• Use a secure, centralized electronic system: By automating tasks such as data entry and verification through a secure electronic system, errors and delays can be minimized.
  • Leverage an API-based PSV solution: Using an API-based PSV solution can enable your organization to embed real-time verifications and ongoing monitoring directly into the core systems of record your organization already uses.
  • Train staff on PSV procedures: Educating staff on PSV procedures helps them understand its importance and informs them how to perform it correctly.
  • Be proactive: Verifying credentials early in the process helps identify potential problems and leads to faster revenue. If a response from an issuing organization is delayed, immediate follow-up ensures quicker verification process completion.
  • Keep records: Maintaining comprehensive records of all PSV requests and responses ensures transparency and a clear audit trail, and complies with state & federal requirements to store credentialing files for a set period of time.

Ultimately, you need a combination of both effective processes and tools to efficiently carry out PSV. You can leverage both out-of-the-box by working with a partner like Verifiable. 


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Why Verifiable?

Verifiable is the leading solution for automated primary source verifications, and provider network management. The unique technology integrates over 3,000+ sources to complete PSVs according to NCQA standards, with the click of a button. Healthcare organizations of all shapes and sizes use Verifiable to credential 4X faster, take control of their provider data, and create an experience that providers respect and appreciate.

Frequently Asked Questions (FAQ)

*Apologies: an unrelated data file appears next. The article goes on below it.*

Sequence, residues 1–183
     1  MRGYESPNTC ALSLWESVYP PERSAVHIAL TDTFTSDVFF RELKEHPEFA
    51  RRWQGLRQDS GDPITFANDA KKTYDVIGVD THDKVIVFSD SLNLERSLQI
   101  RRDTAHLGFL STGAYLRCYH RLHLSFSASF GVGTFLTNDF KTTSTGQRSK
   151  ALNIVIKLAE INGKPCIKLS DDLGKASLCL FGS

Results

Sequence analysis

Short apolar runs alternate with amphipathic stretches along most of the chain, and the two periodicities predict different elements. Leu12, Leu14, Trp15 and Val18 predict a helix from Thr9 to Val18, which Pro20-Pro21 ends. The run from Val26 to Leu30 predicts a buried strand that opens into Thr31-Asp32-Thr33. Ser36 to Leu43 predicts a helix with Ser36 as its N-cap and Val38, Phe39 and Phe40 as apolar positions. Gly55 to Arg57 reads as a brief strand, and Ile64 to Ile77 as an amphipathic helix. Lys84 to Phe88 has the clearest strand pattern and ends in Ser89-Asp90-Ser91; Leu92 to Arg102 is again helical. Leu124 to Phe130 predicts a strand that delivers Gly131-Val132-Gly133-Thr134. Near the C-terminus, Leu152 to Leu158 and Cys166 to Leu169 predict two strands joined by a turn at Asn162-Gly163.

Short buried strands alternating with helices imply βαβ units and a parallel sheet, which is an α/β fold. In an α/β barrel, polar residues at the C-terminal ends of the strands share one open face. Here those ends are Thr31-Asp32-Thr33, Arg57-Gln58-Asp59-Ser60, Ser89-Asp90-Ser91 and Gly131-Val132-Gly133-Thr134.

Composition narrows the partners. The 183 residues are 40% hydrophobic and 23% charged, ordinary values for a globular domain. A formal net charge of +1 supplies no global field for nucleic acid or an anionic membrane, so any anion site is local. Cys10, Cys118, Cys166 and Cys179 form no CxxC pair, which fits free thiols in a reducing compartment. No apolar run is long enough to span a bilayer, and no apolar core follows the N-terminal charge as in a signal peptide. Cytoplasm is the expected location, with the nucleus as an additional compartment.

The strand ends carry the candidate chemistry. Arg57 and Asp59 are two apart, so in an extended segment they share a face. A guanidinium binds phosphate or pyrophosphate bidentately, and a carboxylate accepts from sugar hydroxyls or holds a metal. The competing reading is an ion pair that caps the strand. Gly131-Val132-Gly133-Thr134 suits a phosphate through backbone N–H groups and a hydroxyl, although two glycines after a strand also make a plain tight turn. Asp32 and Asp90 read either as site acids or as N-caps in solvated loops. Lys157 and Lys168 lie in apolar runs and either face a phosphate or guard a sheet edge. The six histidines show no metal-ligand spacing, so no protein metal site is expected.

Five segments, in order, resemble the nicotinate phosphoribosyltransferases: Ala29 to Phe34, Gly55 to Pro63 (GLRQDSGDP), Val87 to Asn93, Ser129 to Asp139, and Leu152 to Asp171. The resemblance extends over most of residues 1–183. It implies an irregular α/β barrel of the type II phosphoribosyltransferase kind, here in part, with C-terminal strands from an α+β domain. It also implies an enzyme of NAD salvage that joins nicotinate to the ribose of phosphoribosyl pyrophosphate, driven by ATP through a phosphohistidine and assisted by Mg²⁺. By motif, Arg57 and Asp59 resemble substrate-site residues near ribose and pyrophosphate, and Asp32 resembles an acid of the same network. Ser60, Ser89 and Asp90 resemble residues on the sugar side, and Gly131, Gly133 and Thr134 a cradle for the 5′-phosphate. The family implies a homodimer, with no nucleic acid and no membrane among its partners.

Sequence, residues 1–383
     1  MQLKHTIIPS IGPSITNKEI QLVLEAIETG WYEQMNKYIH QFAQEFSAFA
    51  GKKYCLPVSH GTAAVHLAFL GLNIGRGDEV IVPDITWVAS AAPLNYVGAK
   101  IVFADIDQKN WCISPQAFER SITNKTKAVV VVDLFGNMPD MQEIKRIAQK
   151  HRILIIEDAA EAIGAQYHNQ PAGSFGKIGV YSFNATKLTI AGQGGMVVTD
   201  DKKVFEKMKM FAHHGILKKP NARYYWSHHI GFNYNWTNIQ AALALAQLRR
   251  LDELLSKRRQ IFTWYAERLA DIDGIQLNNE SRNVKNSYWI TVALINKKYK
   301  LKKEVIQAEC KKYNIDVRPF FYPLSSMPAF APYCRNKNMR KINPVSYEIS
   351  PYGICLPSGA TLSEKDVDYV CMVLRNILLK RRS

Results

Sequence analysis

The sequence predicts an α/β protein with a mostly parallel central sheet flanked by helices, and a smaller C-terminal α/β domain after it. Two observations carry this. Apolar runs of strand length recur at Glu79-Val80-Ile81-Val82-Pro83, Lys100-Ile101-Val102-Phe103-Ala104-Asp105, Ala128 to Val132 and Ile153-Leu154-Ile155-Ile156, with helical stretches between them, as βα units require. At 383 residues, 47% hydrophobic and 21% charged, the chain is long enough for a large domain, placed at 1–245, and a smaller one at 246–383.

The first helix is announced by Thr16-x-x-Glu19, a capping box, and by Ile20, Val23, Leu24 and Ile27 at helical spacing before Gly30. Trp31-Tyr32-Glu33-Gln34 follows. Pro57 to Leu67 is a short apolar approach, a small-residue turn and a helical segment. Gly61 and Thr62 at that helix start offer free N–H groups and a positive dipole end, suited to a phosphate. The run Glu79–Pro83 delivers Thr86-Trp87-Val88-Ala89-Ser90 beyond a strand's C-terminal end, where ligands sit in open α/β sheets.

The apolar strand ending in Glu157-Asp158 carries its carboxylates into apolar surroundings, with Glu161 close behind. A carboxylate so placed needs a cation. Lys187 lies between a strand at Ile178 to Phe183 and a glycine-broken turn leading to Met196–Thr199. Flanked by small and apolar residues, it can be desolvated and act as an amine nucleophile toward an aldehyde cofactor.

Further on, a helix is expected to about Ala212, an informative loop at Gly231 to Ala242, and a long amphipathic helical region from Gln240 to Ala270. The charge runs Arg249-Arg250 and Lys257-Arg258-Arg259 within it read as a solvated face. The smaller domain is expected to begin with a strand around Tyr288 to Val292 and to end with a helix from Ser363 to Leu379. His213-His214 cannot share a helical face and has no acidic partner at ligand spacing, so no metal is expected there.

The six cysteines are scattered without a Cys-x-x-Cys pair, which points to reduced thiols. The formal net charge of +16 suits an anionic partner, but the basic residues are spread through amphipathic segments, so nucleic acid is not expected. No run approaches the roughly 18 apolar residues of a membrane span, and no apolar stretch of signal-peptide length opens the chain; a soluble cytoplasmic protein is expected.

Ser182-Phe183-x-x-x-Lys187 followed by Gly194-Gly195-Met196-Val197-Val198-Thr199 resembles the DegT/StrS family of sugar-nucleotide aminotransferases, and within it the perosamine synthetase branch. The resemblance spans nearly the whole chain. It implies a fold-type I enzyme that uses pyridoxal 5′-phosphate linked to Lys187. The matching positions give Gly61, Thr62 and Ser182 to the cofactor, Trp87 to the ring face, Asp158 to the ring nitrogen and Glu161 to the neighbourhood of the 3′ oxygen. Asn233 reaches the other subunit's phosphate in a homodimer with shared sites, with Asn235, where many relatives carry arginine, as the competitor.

What can I verify using PSV?

Below are primary sources that are commonly verified:


Educational institutions

  • Medical schools
  • Residency Programs
  • National Student Clearinghouse (NSC)
  • Education Commission for Foreign Medical Graduates (ECFG)

Professional certifications, licenses, and associations

  • Continuing education
  • Training programs (fellowship, internship, etc.)
  • Federation of State Medical Boards
  • Affiliations
  • Professional certifications

Past employers/hospitals

  • Former employers


  • Peer references
  • Professional connections

State and federal agencies

  • State licenses
  • Boards like (, AOA, ABMS, ABIM)
  • National Provider Identifier (NPI) registry
  • Drug Enforcement Administration (DEA) license
  • Social Security Administration’s Death Master File (DMF)
  • OIG (Office of Inspector General)
  • SAM (System for Award Management)
  • OFAC (Office of Foreign Assets Control)
  • National Practitioner Data Bank (NPDB)
  • National Supplier Clearinghouse (NSC)
  • Background checks
  • Criminal history
  • Military Personnel Record
  • State Certifications List of Excluded Individuals/Entities
  • Medicaid Sanctions list
  • Medicare Opt-Out list
  • Medicare Preclusion List
  • Medical Malpractice loss runs report

What methods can I use for PSV?

There are several ways to verify credentials properly:

  • Direct correspondence: This involves contacting the issuing organization directly requesting credential verification, usually by documented telephone conversation, fax, email, or online.
  • Digital verification: This involves using secure platforms, like Verifiable, that provide access to verified provider information and their credentials. However, it’s important to note that not all platforms offer real-time, automated verifications and many rely on manual work behind the scenes. Additionally, coverage across states, sources and provider-types can be a significant point of differentiation.
  • Third-party verification services: CVOs are third-party organizations with access to different primary source data, allowing them to verify provider information efficiently, accurately, and quickly. CVOs like Verifiable are credentialed by organizations like NCQA to ensure they adhere to the highest levels of quality.

How frequently do I need to perform PSV?

The healthcare organization or the CVO they hired is responsible for monitoring expiration dates and tracking credential statuses. They must have the tools to ensure they do not miss any expiration date.

The Joint Commission requires employers to perform a PSV at a minimum at hire and at the time they are scheduled for renewal (or upon the expiration of the credentials). Since NCQA and The Joint Commission also requires re-credentialing at least every three years, and PSV is a crucial step in re-credentialing, then health organizations are expected to perform a PSV on a regular basis.

To ensure NCQA compliance and adherence to delegated agreements with payers, many organizations also perform ongoing monthly monitoring of license-expirations and relevant